Average availability of 14 selected essential medicines in public and private health facilities
The average percent of public and private medicine outlets in sample areas where a selection of the 14 essential medicines are found on the day of the survey. The medicines should be present and not expired on the day of visit (or during a specified reference period, e.g., last month or last 3 months). The 14 drugs in the global core list of tracer medicines can be found in (WHO 2010; Table 4.1). Non-governmental and community-based facilities providing medicines can also be included in the calculation.
A closely related indicator Percent of facilities that have all tracer medicines and commodities in stock on the day of visit (and last three months) includes additional medicines plus commodities and vaccines. This indicator uses a composite index of 61 essential medicines, commodities, and vaccines and is available in (WHO, 2010; Chapter 4 Annex). For additional information on assessing and tracking commodities, see the database section on Commodity Security and Logistics.
This indicator is calculated as an average of percentages from sample areas:
(The number of facilities with all 14 essential medicines in stock (present and not expired) on the day of visit / Total number of facilities surveyed in sample area) x 100
This indicator is selected from the list of core indicators in the WHO Health System Strengthening (HSS) Handbook. For more background on the process and criteria used in developing the WHO Handbook of indicators for HSS and for details on this and related indicators, see WHO (2010); USAID (2009); and The Global Fund (2009).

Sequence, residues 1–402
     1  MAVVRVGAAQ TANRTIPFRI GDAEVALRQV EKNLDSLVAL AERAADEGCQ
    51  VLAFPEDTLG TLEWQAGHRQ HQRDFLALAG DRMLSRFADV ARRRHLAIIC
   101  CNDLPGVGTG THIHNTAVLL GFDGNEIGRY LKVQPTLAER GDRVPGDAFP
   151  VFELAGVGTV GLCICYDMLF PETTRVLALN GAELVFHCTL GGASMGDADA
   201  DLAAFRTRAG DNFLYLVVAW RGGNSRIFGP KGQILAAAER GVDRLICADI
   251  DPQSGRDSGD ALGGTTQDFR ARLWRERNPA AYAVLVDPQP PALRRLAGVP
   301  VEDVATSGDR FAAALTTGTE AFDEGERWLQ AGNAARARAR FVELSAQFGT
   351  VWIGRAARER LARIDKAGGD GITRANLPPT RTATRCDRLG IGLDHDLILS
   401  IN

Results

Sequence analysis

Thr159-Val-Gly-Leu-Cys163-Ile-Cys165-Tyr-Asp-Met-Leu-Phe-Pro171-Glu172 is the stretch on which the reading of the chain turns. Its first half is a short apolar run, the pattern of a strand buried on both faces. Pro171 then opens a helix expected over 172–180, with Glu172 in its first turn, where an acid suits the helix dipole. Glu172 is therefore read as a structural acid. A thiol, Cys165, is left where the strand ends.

National surveys of medicine price and availability ideally are conducted using a standard methodology developed by WHO and Health Action International (HAI). WHO/HAI (2008) protocols recommend collecting data from medicine outlets in six sample geographic or administrative areas of a country (or for large countries – a state or province). Data are collected on the availability and price of the essential 14 medicines from all public, private, and other sector outlets that serve as important medicine dispensing points. The full list of 50 survey medicines includes 14 essential medicines in use worldwide, 16 regionally specific medicines and countries are encouraged to collect data on an additional 20 medicines of national importance.
For each medicine, information is collected on the originator brand, the lowest priced generic equivalent found at each medicine outlet, government procurement prices, and any add-on costs that are charged to medicines as they proceed through the supply and distribution chain. In the absence of routine monitoring, a national survey of medicine prices and availability should be conducted every three to five years using the WHO/HAI standard methodology.
Surveys of health care facilities and other medicine outlets using standardized instruments (e.g., WHO /HAI survey)